NO-HEADLINE

the Australian who quit after shooting a nightmare 92
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The Independent Online
Ian Baker-Finch probably felt he had made the right decision when he played Royal Troon's first yesterday in a regulation four. Seventeen horrible Open Championship holes later he was proved sadly wrong.

The 1991 champion, a player once so good he has set Open records of 29 shots for nine holes at St Andrews and Royal Birkdale, was buried under the wreckage of a 21-over-par first round so embarrassing he withdrew from the tournament immediately after completing it.

"The hardest thing is being an Open champion and wanting to do well," he said. "I don't want to give in but I don't think I should play tomorrow. The decision has been made.''

Royal Troon was not at its most benign yesterday but Baker-Finch gave the impression he could not have found a fairway on an airless day with the aid of an electronic guidance system. He went out in 44, eight over par, which proved to be his halcyon period because the back nine was even worse.

Three successive bogeys had the 36-year-old Australian reduced to laughing at himself after he had to hack the ball out from thick gorse on the 12th, the Fox. His inclination must have been to cry when that was followed by a double at the 15th and a treble at the par-five 16th, where he drove out of bounds.

He dragged himself off the course with a score of 92 - the worst Open round since Guy McQuitty returned a 95 at Turnberry 11 years ago - his brave decision to ignore his wretched form rendered utterly foolhardy. "You don't have an option but to complete the round," he said. "You can' say to yourself `Oh well, I'll walk in now' or something like that. You have to keep on going and just try your hardest. That's all I could do."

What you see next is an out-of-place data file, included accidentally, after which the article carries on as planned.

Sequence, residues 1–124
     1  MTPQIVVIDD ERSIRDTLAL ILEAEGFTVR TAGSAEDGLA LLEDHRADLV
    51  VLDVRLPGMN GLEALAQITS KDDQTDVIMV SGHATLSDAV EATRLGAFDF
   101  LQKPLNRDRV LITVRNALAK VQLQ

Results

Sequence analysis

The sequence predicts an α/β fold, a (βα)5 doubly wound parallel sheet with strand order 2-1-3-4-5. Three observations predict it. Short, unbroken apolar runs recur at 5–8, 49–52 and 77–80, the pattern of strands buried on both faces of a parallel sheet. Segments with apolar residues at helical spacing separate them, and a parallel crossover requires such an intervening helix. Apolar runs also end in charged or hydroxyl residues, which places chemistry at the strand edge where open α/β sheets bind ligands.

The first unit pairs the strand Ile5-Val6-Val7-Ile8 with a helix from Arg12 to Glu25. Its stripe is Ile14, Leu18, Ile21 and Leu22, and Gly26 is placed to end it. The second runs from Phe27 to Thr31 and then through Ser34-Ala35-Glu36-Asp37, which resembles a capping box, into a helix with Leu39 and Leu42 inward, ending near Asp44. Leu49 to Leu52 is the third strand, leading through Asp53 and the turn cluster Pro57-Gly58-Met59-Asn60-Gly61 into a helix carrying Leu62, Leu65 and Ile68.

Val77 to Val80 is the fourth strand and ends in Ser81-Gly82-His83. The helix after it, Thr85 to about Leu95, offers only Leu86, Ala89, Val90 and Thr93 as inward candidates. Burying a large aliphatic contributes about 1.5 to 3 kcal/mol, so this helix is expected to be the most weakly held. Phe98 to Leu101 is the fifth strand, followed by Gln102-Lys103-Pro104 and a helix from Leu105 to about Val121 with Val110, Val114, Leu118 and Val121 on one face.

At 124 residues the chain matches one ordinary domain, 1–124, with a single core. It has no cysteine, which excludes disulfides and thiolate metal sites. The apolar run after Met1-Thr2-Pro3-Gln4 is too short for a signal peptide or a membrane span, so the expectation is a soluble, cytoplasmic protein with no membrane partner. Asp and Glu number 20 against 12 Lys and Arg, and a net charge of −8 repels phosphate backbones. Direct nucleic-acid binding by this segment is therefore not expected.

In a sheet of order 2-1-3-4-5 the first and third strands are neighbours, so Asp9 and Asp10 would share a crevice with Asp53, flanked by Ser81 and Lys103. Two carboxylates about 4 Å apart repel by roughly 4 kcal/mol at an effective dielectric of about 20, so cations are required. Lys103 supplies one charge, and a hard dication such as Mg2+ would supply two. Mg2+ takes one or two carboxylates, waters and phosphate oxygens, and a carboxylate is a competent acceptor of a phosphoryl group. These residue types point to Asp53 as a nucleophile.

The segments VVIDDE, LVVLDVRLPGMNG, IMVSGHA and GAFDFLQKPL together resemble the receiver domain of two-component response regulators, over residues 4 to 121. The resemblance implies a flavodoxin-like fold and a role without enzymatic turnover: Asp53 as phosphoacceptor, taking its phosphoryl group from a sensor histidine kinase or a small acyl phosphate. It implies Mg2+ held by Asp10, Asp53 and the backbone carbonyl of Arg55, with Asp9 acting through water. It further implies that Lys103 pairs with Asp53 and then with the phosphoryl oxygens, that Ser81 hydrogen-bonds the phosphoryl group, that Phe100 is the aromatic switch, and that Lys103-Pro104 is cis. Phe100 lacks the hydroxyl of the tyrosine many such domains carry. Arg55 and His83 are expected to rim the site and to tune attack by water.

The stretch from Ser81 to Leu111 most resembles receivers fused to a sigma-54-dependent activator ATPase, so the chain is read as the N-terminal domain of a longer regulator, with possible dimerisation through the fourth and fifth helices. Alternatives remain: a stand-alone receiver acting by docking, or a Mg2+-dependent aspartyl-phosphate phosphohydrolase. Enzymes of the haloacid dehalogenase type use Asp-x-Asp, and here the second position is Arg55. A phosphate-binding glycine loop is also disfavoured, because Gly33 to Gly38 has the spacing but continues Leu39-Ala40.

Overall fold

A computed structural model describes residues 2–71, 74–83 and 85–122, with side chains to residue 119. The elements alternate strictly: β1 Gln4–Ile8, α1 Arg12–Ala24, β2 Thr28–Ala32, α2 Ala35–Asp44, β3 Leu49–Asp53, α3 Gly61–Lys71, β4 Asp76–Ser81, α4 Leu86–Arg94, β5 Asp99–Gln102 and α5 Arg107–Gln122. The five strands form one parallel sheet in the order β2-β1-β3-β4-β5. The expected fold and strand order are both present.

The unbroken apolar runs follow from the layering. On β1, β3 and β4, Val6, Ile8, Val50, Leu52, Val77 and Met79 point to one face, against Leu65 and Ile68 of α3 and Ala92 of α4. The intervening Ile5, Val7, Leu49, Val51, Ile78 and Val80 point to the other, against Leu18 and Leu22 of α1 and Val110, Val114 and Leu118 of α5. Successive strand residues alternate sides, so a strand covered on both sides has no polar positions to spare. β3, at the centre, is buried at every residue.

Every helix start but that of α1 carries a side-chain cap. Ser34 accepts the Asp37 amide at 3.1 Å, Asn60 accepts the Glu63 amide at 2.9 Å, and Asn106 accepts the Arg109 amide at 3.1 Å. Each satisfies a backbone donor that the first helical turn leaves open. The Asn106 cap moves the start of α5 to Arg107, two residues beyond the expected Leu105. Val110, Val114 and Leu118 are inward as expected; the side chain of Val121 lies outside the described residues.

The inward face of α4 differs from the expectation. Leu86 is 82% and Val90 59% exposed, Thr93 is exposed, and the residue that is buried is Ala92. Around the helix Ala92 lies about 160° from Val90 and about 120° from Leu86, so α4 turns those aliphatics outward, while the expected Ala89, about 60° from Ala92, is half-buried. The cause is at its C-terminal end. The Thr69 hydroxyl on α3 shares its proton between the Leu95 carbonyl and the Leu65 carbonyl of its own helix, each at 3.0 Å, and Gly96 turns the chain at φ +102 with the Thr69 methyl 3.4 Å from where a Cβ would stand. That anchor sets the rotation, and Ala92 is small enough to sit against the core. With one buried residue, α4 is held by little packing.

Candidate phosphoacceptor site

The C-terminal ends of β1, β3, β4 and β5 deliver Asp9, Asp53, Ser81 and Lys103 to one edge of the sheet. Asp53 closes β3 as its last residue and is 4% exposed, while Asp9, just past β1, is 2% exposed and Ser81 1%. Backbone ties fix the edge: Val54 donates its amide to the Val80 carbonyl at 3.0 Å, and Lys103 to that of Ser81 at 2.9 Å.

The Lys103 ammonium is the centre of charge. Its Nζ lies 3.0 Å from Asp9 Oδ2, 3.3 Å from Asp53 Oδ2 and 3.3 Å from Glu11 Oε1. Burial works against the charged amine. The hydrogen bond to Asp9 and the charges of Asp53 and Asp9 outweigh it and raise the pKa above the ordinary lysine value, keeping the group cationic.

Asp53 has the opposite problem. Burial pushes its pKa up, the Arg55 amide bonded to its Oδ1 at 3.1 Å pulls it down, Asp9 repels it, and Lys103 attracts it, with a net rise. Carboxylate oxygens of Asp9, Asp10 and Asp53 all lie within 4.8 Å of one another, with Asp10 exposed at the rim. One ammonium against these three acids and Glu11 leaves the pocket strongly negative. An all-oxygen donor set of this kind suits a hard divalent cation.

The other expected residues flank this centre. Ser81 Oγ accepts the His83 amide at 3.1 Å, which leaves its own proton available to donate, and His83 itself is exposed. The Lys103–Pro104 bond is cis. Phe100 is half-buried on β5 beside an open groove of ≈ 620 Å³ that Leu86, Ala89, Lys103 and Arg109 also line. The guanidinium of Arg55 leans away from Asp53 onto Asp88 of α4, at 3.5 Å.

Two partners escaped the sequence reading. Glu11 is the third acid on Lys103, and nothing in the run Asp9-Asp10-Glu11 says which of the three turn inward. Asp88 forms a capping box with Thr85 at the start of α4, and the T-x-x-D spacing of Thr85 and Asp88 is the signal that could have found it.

Last year he played in the Open at Royal Lytham then went into semi- retirement before he was persuaded by older memories and older friends to give it a go this week.

"I don't regret the decision," he said. "I played nicely in the practice rounds. It wasn't too much trouble, I thought I should go and do it.''

Which was fine until the sixth where he found a bunker, fluffed a chip and got one of six double bogeys. "When you start bogeying or worse," he said, "you begin to wonder what everyone is thinking. You start noticing the cameramen, all that stuff. It's hard to focus on the job when you're shooting horrendous like that.

"It gradually got worse. Earlier in the round I wasn't really playing that poorly, maybe a bad chip, one or two bad drives. Everything just went wrong. That can happen.''

Unfortunately for Baker-Finch it is happening far too often.

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